Netflix's New Disturbing Thriller Has Viewers Sharing Warnings Over Social Media

With the pandemic still ongoing and fewer people going to the movie theater, people have become more dependent than ever on streaming services at home. One movie that has been drawing people in online is Mother/Android, which is on Netflix internationally and Hulu in the U.S. However, the dark movie has viewers on Twitter offering up warnings, particularly about the grim ending. 

Chloe Grace Moretz stars as Georgia Olsen, who discovers she is pregnant, although she does not want to be a mother and she is unsure of her relationship with her boyfriend Sam Hoth (Algee Smith). The story takes a post-apocalyptic twist when smartphones begin exploding, killing their owners, and Georgia and Sam try to escape. Once they reach Boston, they have to survive a world taken over by androids. Raul Castillo also stars as Arthur. The film was written and directed by Mattson Tomlin and counts Matt Reeves (The Batman, Dawn of the Planet of the Apes) as one of its producers.

The film got savaged by critics and viewers alike, the brutal ending has left many dismayed. "I just finished watching Mother/Android and now I just feel depressed..." tweeted one viewer. "This movie went from disaster to depression," wrote another.

"WHAT THE HELL This movie destroyed me... Still crying," tweeted another crushed viewer. "Bro what is this movie i have been sobbing for 20 minutes," tweeted one viewer, who included a particularly spoiler-filled clip.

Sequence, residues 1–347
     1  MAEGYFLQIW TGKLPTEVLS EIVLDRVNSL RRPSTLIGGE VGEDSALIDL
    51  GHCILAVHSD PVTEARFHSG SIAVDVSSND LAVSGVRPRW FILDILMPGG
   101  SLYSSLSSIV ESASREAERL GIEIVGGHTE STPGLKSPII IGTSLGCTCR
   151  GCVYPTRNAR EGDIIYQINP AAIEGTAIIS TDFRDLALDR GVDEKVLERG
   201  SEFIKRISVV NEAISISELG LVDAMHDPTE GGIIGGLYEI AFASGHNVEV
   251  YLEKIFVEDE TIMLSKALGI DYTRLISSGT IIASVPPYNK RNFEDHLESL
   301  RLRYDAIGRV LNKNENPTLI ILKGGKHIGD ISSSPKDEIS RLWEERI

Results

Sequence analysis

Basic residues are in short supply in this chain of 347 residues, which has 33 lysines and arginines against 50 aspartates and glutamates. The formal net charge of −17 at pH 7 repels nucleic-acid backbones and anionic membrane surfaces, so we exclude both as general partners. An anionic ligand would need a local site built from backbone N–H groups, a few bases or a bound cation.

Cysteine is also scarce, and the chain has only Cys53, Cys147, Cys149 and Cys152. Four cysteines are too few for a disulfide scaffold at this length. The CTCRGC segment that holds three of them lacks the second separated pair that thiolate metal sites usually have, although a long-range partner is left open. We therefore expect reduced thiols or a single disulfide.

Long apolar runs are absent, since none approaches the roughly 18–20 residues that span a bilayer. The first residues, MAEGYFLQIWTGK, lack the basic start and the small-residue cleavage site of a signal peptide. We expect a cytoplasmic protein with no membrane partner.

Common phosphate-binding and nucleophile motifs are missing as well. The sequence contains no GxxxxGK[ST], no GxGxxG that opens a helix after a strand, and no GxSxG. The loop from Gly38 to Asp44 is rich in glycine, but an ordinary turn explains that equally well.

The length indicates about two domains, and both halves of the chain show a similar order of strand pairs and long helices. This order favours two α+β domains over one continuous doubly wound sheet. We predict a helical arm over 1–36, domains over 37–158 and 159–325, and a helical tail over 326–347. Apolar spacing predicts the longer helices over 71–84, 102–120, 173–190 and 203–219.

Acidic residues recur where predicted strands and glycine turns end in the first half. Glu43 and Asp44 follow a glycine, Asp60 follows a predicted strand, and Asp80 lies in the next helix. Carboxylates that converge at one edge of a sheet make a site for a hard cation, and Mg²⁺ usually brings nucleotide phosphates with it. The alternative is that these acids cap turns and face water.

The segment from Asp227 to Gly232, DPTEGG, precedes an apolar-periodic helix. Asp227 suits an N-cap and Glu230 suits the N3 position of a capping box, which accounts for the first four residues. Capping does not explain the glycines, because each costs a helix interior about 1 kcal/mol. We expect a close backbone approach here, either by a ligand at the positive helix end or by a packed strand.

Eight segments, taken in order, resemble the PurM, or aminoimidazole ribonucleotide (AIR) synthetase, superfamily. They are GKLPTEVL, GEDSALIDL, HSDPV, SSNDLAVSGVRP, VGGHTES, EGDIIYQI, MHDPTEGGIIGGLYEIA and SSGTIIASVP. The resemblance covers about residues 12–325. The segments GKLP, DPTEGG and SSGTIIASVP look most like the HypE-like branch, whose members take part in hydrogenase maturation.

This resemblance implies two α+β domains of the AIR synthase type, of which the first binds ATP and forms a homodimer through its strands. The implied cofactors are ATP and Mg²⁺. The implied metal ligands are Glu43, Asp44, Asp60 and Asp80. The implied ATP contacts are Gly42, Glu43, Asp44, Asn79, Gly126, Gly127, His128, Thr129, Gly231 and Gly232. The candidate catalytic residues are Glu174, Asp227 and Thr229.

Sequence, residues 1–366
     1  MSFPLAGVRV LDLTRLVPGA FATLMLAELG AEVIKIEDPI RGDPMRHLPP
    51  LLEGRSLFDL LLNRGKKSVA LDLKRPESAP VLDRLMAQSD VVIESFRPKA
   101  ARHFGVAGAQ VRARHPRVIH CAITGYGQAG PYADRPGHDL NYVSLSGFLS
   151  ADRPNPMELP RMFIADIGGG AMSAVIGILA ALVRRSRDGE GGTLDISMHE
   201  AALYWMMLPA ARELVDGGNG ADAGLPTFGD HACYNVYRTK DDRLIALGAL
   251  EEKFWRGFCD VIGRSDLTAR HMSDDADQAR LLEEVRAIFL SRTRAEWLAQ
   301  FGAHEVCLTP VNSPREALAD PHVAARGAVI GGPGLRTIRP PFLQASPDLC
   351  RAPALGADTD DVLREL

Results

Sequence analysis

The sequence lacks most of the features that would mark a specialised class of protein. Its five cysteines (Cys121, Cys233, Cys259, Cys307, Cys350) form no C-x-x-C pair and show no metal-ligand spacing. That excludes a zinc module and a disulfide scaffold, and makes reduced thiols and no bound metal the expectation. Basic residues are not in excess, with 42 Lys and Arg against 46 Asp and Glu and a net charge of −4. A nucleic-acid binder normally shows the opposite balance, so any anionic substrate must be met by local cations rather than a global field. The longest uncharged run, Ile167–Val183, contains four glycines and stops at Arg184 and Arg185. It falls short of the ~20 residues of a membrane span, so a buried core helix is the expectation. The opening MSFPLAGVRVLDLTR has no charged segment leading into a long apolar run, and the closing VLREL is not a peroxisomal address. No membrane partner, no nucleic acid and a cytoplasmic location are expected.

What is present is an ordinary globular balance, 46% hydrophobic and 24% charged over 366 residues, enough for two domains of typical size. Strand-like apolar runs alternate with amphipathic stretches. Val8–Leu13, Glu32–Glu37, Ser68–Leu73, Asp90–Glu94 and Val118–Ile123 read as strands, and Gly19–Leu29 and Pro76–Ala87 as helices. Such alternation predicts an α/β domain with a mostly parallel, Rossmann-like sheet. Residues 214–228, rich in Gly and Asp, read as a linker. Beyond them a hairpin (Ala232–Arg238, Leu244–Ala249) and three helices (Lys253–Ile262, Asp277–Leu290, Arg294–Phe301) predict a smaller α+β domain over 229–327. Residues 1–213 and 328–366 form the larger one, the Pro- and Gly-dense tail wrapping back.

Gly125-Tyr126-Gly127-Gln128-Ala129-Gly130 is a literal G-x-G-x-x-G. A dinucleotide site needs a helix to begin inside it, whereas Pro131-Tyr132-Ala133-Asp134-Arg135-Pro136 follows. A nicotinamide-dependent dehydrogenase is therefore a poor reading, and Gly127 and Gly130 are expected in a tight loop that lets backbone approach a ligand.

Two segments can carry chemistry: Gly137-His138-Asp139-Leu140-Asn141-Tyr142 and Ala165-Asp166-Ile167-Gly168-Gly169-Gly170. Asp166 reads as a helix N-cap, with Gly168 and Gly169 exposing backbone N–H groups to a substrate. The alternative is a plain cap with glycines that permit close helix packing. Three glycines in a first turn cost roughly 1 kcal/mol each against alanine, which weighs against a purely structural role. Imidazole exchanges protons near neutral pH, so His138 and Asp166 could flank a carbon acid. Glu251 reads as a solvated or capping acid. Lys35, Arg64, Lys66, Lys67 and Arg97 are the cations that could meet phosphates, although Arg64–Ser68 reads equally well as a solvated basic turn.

Even without the American viwers, Mother/Android was the second-most-watched movie on Netflix globally earlier this month. It sat number two on the global Top 10 movies chart for Jan. 3-9 when only including English-language movies, with 29.7 million hours watched, according to Netflix's statistics. The number one movie during the same period is Don't Look Up, Adam McKay's satirical awards contender.

0comments

Although Hulu and Netflix users rushed to see the movie, critics were less impressed. In his review for Variety, Dennis Harvey wrote that the film doesn't live up to the exciting first half. "Tomlin's screenplay deserves credit for mixing things up, introducing new characters and narrative turnabouts," Harvey wrote. "But nothing is again as bluntly compelling as the early going, and despite hardworking principal performances, these characters and their movie lack the emotional depth to pull off an earnestly teary, draggy finale."